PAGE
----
God Save The Queen City revives the Charlotte music scene

By Lane Claffee 

August 8, 2016

Returning to Charlotte this month for its sixth consecutive year is the God Save The Queen City music festival. Created in 2011 by local screen printing business, Ink Floyd, the company curates each year’s lineup to provide local bands with exposure. It’s an exciting event for the city, especially for those who are passionate about the local music scene. “We love going out to see live music shows,” said Dave Collier, founder and president of Ink Floyd. “We’re always looking for unique ways to promote Ink Floyd, make a positive community impact, and help shine more light on the local music scene.”

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Dave Collier owner of Ink Floyd. Photo by Bridgette Aikens

The idea began with a collective enthusiasm for live music and creativity. “In 2011 we set out to have a big party,” said vice president of Ink Floyd, Eric Leaf. “Then we decided to try and host all of our favorite local acts at one time.” In its first year, the primary venue for GSTQC was the Chop Shop, though ultimately the festival has been able to develop partnerships with venues such as Snug Harbor, and most recently, The Fillmore Charlotte. During the following summer of 2012, the festival grew enough to allow Ink Floyd to establish partnerships with local businesses like Heist Brewery and JJ’s Red Hots to enhance the overall experience of GSTQC. In 2013, the decision was made to integrate regional and national acts into the lineup, with notable performers over the years such as St. Paul and the Broken Bones, Jessica Lea Mayfield, Futurebirds, Diarrhea Planet, The Dean Ween Group and Hiss Golden Messenger.

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Paul Janeway of St. Paul and The Broken Bones. Photo by Daniel Coston

A great selling point for this festival is that Dave and Eric have maintained affordability to make GSTQC appealing for a wide range of music lovers. For under $25 you get to experience live sets from more than 21 acts, over the course of six nights. Collier describes it as an easy, cost-effective and convenient music “festival.”  It has all the advantages of a music festival with great bands and food, without the hassle of having to walk for miles or being immersed in a crowd of 50,000 people; it stays true to the idea of having a big party.    

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The Ink Floyd team. Christine Zelez (left), Eric Leaf (middle), and Amy Quinn (right). Photo by Kurt Shackelford

The Chop Shop was the original venue for GSTQC and it, unfortunately, had to close its doors in November 2015 due to the prevalent development issues in NoDa and all over Charlotte, which have challenged other historic venues like Tremont Music Hall, Double Door Inn and the Milestone. In an effort to preserve these historic places in Charlotte’s music culture, the creators of GSTQC decided to donate all admission proceeds from this year’s events at Snug Harbor to the Save the Milestone campaign fundraiser. “For us, we lost our festival home of five years when the Chop Shop became a pile of rubble last year. Obviously we want to lift up the local music scene, and this cause just makes sense,” said Leaf.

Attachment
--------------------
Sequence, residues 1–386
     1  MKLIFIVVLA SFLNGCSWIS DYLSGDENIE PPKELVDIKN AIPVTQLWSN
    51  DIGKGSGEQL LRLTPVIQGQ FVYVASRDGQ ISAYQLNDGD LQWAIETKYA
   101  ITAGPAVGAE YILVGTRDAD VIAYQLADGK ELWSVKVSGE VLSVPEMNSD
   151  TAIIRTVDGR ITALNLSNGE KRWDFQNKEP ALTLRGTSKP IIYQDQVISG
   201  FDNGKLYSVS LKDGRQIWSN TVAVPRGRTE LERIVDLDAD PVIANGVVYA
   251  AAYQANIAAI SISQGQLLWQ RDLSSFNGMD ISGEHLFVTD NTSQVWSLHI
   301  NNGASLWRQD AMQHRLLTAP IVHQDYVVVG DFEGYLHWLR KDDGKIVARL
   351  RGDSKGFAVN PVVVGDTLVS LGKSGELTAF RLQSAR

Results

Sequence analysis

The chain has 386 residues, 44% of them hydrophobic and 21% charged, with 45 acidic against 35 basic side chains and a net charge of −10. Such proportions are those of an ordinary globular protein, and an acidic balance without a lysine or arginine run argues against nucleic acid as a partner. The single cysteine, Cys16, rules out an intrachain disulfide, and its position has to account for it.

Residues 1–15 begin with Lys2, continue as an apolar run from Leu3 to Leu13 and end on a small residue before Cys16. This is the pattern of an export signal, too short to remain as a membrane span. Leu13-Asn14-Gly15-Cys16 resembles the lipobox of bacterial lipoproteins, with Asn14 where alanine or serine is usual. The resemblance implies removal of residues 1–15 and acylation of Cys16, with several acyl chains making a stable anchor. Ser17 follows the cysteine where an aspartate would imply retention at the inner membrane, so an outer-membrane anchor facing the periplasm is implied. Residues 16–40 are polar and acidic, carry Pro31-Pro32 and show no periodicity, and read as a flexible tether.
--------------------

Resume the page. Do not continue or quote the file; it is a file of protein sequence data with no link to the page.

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The Chop Shop lot in February of 2016. Photo by Woody Williams

Despite all the changes over the years, this year is no different in terms of great national and local talent. One headliner, Black Pistol Fire, displays elements of the frantic garage rock of the White Stripes, along with the intense blues sound of North Carolina’s own Flat Duo Jets, and co-headliner Nikki Lane’s sentimental, neo-country style, are sure to provide an exciting experience. Local talent this year includes Rapper Shane, Elevator JayThe Business People, Landless, Dust and AshesAncient Cities, Jason Scavone, It’s Snakes, and Serfs, among others. Festival regular Benji Hughes is on this year’s lineup as well. Hughes was the first headliner back in 2011 and has been a frequent act ever since.

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Brandie Kinugawa – Graphic Designer at Ink Floyd

Besides all of the great talent set to play this year, relationships with local businesses like Recover Apparel, who will be producing GSTQC T-shirts with sustainable material (as well as a new series of graphics) really enhance the experience. “I especially love the helmet graphic icon that Brandie (Kinugawa) did this year,” said Collier. The new merchandise, will of course be available at all of the shows. In terms of food and drink specials this year, Heist Brewery created a coffee porter for the event, called “God Save The Queen City Porter,” that will be available at all of the shows and you can find Papi Queso and JJ’s Red Hots at The Fillmore on August 27

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2016 God Save the Queen City merchandise. Photo by Kurt Shackelford

Overall, God Save the Queen City is a unique, exciting, and inexpensive way to experience the best of what Charlotte’s local music scene and businesses have to offer. It’s also a great way to help contribute to your community, and while you may be less than familiar with some of the acts playing this year, you might be discovering some serious up-and-coming talent. “Think of some of your favorite bands,” said Collier, “there was a time you heard them for the first time.”

Check out the remaining dates for God Save the Queen City and support Charlotte music.

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